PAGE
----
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Ethics For Constructors: Which Personnel Should You Communicate to Owners?

Construction companies and contractors often face an ethical dilemma of which personnel to list in a construction bid package.

– Should constructors list every high-ranking, experienced individual who may or may not be responsible for the bulk of the construction project in order to make your bid more attractive to the owner?

– Or, should you present a more realistic view of the actual personnel who will be leading the project and performing the day-to-day work, even if that means creating a less attractive bid?

The key for constructors is to think about how you want to be viewed in the market. Do you want to be accused of bait and switch tactics? Or, is it better to maintain a positive reputation in the market and build long-term relationships that are centered on trust?

In the latest installment of our Ethics for Constructors series, let’s review this ethical situation in action to unpack the importance of construction communication during the project bid phase.

Example of a Construction Communication Ethical Challenge

Ethics in Construction Situation: Let’s say that you are a construction project manager who is building experience, but you are not a senior project manager just yet. Now it’s your turn to manage the construction site with the so-called “B Team.” During the project, the owner comes on-site to review progress and asks where the key people went (the “A Team”).

It’s your company’s practice to list senior people in the project bid package as the main team that will be running the project. But, these individuals are usually on the job site for the first 2-4 weeks and then are replaced by junior personnel at lower salaries for the rest of the project.

As a “B Team” project manager, you are constantly asked by the owner about when the “good people” will return. You are tired of being asked this question on a constant basis and now you’re questioning your company’s practice. Is this an unethical practice? Is this an example of misleading the owner and creating false expectations of who will be performing the work?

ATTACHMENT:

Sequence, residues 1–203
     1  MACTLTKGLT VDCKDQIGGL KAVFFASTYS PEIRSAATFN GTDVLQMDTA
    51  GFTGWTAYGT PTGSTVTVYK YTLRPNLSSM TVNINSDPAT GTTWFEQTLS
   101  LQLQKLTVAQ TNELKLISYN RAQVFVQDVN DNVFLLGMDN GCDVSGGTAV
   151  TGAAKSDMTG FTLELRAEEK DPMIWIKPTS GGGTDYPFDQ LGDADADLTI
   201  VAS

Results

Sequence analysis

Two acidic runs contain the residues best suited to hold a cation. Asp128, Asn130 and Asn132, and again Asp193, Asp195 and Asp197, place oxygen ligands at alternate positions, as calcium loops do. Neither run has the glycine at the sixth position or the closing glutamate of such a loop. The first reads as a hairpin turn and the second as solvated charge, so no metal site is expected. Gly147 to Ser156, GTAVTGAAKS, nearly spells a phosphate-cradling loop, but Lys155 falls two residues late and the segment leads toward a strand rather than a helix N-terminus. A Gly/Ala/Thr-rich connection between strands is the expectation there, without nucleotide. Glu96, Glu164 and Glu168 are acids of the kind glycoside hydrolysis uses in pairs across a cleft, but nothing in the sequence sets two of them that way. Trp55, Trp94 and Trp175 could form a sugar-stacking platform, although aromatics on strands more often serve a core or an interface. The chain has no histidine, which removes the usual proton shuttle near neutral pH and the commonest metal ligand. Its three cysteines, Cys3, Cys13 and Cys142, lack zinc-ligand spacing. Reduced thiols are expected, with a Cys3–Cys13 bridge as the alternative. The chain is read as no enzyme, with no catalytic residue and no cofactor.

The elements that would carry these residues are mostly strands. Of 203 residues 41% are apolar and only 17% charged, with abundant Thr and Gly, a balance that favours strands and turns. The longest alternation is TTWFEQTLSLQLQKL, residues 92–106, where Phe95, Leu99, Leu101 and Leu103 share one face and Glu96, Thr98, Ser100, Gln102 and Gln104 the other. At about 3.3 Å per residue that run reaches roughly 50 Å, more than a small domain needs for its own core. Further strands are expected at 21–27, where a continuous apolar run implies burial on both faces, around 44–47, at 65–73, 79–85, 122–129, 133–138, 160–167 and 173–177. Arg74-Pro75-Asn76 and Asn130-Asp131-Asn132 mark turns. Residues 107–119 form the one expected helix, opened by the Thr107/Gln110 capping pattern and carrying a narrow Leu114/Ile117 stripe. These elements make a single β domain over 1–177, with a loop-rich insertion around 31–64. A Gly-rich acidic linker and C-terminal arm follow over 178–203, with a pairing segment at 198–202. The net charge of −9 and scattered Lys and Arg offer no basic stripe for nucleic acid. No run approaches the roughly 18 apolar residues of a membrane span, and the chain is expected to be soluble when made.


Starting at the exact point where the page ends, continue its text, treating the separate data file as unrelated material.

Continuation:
Ethics in Construction Answer: There is a true debate regarding the efficacy of this practice.  Many people in the construction industry argue that this practice is followed so often that everyone “knows” that the people listed in the bid will not be on the project full time. They also know that if the senior people stayed for the full duration of the project, then project costs would run higher.  

Nevertheless, just because the industry “winks and nods” at the practice does not make it ethical. Constructors should always strive for transparency and support effective communication by advising owners of your intended actions if you were to win the bid.

It is advisable for constructors to inform owners of the expected schedule of when certain personnel will be on-site. For example, make it known in your project bid that you require senior personnel to review work at the construction site at least once per month. This way, the owner has clear expectations about how the project will be managed if they award the project to your firm.

Find Support for Challenging Ethical Issues in Construction

Deciding which personnel to list in a construction bid package is just one ethical issue that constructors face when attempting to win work. There are many other ethical issues that need to be considered so that you do not create a false impression about your firm’s ability to execute the project.

When putting together a construction bid package, constructors should always aim to avoid engaging in any deceptive practice or a practice that creates an unfair advantage for the constructor. Know where the line is at all times and pursue effective communication with the owner to maintain a positive working relationship.

– To learn more about ethical issues involving construction communication, we encourage you to join AIC. You will have the opportunity to learn from experienced construction professionals who have navigated similar ethical issues in construction. Take advantage of the wealth of knowledge in our organization to support your firm and advance in your career.

– Also, subscribe to the AIC email newsletter! Receive information about ethical issues affecting the construction industry directly to your inbox. To subscribe, drop your name and email address in the sign-up box below.

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